Israel’s Two Forms of Orthodox Judaism Have Much to Learn from One Another

Since Israel’s founding, there has been a fairly sharp distinction between religious Zionists—who tend to wear modern clothes, serve in the IDF, pursue secular educations and careers, and support the Jewish state with fervor—and Ḥaredim—who dress in their community’s distinctive style, shun military service, believe men should devote themselves primarily to study of Jewish texts, and observe Jewish law very strictly. Moreover, the latter tend to suspect the former of a lack of religious commitment, and to view them as at least vaguely heretical. Aryeh Meir, writing in a ḥaredi publication, makes the case that the two communities have much to learn from one another, and that there is more that unites them than divides them:

[I]t is hard to point to a fundamental religious disagreement between the religious Zionist and ḥaredi communities. Both believe in the same Torah, observe the same halakhah, and espouse similar (though not identical) patterns of authority and instruction.

[Moreover], the situation that divided our communities has changed significantly. The Jewish state and its religious conflicts are very different now from some decades ago. The state and its population have become more religious. There is an affinity—not only rhetorical but also financial and institutional—between the state and its more traditional constituencies. If words such as “Zionism” and “nationalism” were once identified with the secular left, today they possess a strong religious connotation.

The struggle between religion and secularism endures, of course; in some respects it has even intensified. Yet, the state is no longer clearly secular and neither is Israel’s dominant culture.

The fierce philosophical and practical debate over the state, which tore the religious community apart from within, has long subsided. Both Ḥaredim and religious Zionists understand that the state of Israel is not (or at least not yet) the anticipated final redemption; at the same time, it does not preside over some kind of internal exile. Most members of both communities do not deny the great significance of the state as part of a Divine plan of returning to Zion.

Read more at Tzarich Iyun

More about: Haredim, Judaism in Israel, Orthodoxy, Religious Zionism

While Israel Is Distracted on Two Fronts, Iran Is on the Verge of Building Nuclear Weapons

Iran recently announced its plans to install over 1,000 new advanced centrifuges at its Fordow nuclear facility. Once they are up and running, the Institute for Science and International Security assesses, Fordow will be able to produce enough highly enriched uranium for three nuclear bombs in a mere ten days. The U.S. has remained indifferent. Jacob Nagel writes:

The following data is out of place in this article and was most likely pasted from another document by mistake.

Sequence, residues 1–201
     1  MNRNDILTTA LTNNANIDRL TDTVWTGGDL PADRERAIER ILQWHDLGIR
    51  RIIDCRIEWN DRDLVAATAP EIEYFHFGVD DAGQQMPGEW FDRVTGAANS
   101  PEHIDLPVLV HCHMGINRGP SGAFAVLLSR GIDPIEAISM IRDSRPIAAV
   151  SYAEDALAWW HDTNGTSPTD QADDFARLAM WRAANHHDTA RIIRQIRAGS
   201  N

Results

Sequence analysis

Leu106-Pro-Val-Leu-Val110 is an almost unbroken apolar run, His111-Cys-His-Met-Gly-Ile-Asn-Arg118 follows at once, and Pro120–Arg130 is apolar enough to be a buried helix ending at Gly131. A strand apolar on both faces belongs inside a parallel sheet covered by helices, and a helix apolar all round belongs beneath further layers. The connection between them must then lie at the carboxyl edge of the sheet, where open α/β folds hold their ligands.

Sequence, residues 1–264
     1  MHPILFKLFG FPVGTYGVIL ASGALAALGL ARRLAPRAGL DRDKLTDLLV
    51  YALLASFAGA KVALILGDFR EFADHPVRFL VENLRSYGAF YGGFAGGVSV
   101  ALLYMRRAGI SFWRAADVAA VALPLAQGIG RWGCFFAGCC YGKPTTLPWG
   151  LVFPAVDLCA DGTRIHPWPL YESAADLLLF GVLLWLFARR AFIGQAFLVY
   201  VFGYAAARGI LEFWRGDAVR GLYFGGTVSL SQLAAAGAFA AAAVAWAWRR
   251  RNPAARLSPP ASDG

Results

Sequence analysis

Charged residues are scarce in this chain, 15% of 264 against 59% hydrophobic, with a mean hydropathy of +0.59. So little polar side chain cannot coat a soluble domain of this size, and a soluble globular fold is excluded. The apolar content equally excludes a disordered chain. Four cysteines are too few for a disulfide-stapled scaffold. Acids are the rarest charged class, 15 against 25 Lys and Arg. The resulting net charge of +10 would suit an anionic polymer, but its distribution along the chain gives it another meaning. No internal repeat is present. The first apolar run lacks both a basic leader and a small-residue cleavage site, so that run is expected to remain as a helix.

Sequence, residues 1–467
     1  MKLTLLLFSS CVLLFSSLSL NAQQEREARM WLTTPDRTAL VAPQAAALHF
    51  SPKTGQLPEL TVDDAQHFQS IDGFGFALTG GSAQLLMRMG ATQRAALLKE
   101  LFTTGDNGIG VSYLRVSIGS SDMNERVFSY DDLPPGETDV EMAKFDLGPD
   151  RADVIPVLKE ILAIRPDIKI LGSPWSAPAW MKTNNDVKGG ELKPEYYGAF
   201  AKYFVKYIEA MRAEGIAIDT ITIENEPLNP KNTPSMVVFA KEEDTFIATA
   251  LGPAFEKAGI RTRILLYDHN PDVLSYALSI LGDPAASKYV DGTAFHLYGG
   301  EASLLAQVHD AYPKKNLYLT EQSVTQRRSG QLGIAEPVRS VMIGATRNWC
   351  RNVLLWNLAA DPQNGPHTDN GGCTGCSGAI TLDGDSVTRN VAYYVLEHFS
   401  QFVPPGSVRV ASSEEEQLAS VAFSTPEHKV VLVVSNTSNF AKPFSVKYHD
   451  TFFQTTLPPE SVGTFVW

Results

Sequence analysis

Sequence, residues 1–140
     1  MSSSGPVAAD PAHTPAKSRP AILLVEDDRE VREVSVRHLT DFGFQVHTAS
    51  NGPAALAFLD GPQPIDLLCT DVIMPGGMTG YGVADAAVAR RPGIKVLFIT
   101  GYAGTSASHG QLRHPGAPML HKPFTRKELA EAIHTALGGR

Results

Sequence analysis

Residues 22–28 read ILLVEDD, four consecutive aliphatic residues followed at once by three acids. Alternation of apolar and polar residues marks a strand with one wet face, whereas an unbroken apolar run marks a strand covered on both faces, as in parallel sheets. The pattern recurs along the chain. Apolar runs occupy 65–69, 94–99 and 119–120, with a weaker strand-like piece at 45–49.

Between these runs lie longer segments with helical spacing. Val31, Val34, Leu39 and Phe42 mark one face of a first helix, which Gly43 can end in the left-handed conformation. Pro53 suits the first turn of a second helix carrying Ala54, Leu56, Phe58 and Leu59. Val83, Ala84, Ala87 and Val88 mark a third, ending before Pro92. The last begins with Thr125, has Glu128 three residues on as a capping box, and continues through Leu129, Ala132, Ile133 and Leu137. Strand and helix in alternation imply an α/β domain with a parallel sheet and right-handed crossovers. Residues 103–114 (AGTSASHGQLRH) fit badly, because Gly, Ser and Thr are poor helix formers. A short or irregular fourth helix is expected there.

For more than two decades, Iran has continued its efforts to enhance its nuclear-weapons capability—mainly by enriching uranium—causing Israel and the world to concentrate on the fissile material. The International Atomic Energy Agency recently confirmed that Iran has a huge stockpile of uranium enriched to 60 percent, as well as more enriched to 20 percent, and the IAEA board of governors adopted the E3 (France, Germany, UK) proposed resolution to censure Iran for the violations and lack of cooperation with the agency. The Biden administration tried to block it, but joined the resolution when it understood its efforts to block it had failed.

To clarify, enrichment of uranium above 20 percent is unnecessary for most civilian purposes, and transforming 20-percent-enriched uranium to the 90-percent-enriched product necessary for producing weapons is a relatively small step. Washington’s reluctance even to express concern about this development appears to stem from an unwillingness to acknowledge the failures of President Obama’s nuclear policy. Worse, writes Nagel, it is turning a blind eye to efforts at weaponization. But Israel has no such luxury:

Israel must adopt a totally new approach, concentrating mainly on two main efforts: [halting] Iran’s weaponization actions and weakening the regime hoping it will lead to its replacement. Israel should continue the fight against Iran’s enrichment facilities (especially against the new deep underground facility being built near Natanz) and uranium stockpiles, but it should not be the only goal, and for sure not the priority.

The biggest danger threatening Israel’s existence remains the nuclear program. It would be better to confront this threat with Washington, but Israel also must be fully prepared to do it alone.

Read more at Ynet

More about: Iran nuclear program, Israeli Security, Joseph Biden, U.S. Foreign policy